De relatie tussen de kwaliteit van de ouder-kindrelatie en jeugddelinquentie en hoe sekse deze relatie beïnvloedt
Laak, L.A.M. Op de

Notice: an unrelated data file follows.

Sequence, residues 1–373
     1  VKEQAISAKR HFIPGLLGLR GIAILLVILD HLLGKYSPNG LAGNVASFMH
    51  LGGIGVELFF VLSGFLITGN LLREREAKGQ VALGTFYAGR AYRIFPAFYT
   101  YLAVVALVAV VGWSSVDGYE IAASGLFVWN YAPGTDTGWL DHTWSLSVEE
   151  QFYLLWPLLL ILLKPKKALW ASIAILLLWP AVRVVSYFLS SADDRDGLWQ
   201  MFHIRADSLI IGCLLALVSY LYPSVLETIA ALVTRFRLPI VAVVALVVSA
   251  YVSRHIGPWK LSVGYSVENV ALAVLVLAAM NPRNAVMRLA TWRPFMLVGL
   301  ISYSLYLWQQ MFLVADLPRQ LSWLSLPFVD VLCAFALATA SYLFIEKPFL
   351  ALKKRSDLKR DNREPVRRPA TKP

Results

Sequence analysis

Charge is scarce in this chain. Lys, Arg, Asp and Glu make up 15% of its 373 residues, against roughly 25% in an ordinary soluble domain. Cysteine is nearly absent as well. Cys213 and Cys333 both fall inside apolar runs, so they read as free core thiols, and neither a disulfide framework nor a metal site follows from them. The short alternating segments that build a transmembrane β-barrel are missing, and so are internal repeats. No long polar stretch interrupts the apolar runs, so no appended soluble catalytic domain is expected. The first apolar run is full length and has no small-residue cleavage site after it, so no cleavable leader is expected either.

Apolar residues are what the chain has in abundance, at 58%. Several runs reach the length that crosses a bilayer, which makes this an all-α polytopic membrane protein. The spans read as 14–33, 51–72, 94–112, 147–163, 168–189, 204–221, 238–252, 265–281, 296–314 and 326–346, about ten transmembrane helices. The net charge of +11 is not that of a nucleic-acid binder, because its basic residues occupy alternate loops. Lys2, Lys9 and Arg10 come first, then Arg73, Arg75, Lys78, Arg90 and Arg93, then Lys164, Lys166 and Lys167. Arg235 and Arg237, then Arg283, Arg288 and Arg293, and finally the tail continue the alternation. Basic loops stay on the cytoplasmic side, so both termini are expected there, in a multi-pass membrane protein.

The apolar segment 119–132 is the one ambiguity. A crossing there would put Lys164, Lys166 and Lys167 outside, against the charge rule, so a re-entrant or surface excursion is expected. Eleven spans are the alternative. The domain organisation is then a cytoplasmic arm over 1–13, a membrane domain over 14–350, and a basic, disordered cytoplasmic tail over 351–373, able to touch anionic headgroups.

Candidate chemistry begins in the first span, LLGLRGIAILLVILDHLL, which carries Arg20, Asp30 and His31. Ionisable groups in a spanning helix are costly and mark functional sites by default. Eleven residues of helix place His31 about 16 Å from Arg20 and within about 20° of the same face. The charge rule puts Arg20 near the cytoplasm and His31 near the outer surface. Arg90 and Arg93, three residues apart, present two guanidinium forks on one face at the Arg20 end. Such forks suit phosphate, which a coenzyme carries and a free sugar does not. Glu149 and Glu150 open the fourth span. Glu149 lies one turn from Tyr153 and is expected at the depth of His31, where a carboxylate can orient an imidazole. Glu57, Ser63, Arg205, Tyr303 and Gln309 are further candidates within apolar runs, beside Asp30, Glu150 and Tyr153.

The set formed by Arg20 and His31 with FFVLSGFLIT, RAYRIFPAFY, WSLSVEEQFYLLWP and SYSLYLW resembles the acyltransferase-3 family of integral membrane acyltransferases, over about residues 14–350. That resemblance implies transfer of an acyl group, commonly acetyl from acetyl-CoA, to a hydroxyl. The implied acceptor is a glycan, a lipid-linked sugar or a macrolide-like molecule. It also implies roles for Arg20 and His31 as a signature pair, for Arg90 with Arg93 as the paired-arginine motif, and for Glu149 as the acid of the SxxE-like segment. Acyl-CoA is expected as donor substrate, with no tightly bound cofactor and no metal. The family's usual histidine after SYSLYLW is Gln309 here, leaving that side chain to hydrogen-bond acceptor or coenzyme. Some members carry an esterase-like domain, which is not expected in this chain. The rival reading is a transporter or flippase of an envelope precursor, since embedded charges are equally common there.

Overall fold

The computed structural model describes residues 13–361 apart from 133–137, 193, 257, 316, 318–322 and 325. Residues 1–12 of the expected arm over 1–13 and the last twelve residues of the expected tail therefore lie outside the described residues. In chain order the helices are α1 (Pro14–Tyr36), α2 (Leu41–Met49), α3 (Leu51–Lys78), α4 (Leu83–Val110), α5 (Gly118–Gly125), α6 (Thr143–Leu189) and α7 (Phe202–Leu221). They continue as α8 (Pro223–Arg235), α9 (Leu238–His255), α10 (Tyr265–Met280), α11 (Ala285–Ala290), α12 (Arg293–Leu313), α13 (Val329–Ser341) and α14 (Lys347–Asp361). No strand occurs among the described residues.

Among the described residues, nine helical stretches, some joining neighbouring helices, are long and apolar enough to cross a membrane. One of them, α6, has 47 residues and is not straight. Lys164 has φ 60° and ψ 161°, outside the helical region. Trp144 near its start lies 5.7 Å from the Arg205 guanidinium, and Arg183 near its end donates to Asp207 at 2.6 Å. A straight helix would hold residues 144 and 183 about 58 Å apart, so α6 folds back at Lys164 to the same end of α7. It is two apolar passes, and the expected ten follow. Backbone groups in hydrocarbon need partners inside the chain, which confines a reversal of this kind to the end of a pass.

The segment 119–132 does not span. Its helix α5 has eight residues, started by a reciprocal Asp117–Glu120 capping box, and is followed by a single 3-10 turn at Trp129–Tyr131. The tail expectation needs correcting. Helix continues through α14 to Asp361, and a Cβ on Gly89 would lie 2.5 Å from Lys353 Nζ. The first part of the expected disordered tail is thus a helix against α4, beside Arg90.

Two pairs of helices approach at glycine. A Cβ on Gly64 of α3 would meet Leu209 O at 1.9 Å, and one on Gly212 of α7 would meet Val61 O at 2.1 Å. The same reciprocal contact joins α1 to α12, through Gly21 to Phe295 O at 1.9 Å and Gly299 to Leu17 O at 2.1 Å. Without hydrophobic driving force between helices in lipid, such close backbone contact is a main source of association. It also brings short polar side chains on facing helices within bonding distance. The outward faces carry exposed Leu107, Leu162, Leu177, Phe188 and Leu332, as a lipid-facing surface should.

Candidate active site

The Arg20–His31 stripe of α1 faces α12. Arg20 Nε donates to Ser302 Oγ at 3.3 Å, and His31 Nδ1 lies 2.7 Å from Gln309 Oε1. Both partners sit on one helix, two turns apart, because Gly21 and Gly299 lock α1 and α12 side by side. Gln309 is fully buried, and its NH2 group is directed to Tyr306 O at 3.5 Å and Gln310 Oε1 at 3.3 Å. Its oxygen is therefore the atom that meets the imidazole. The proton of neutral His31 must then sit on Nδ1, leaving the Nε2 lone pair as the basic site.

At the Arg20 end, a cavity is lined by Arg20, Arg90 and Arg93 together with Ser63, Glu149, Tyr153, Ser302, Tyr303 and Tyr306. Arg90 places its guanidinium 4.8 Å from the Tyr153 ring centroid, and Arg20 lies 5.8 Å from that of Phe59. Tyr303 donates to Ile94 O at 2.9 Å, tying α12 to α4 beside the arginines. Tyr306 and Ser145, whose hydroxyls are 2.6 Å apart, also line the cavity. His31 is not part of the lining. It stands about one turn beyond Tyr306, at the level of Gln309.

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This study addresses the role of the parent-child relationship quality, gender and their interaction in juvenile delinquency. Delinquent behavior of both boys and girls and the parent-child relationship with both mothers and fathers was examined. Knowledge of risk and protective factors and their effects is vital for successfully preventing and reducing juvenile delinquency. Guided by previous research, a negative link between the parent-child relationship quality and juvenile delinquency was expected, with strongest links for father-son and mother-daughter relationships. Adolescents (n = 437, Mage = 16, 56.8% boys) filled in self-report questionnaires measuring their parent-child relationship quality (NRI) and delinquent behavior (ZD). Hierarchical multiple regression analyses show that for the mother-child relationship support was negatively and negative interactions was positively associated with juvenile delinquency. No significant effects were found for power or gender. For fathers, only gender was significantly associated with juvenile delinquency when controlled for the quality of the father-child relationship. No significant effects were found for support, negative interactions or power. Gender did not moderate any of the significant effects. The significant effect sizes were very small. The results imply that interventions on juvenile delinquency should focus on creating a positive family environment, rather than parental control. Distinction in gender seems to be unnecessary. Given the gap in research, future studies should also focus on the father-child relationship.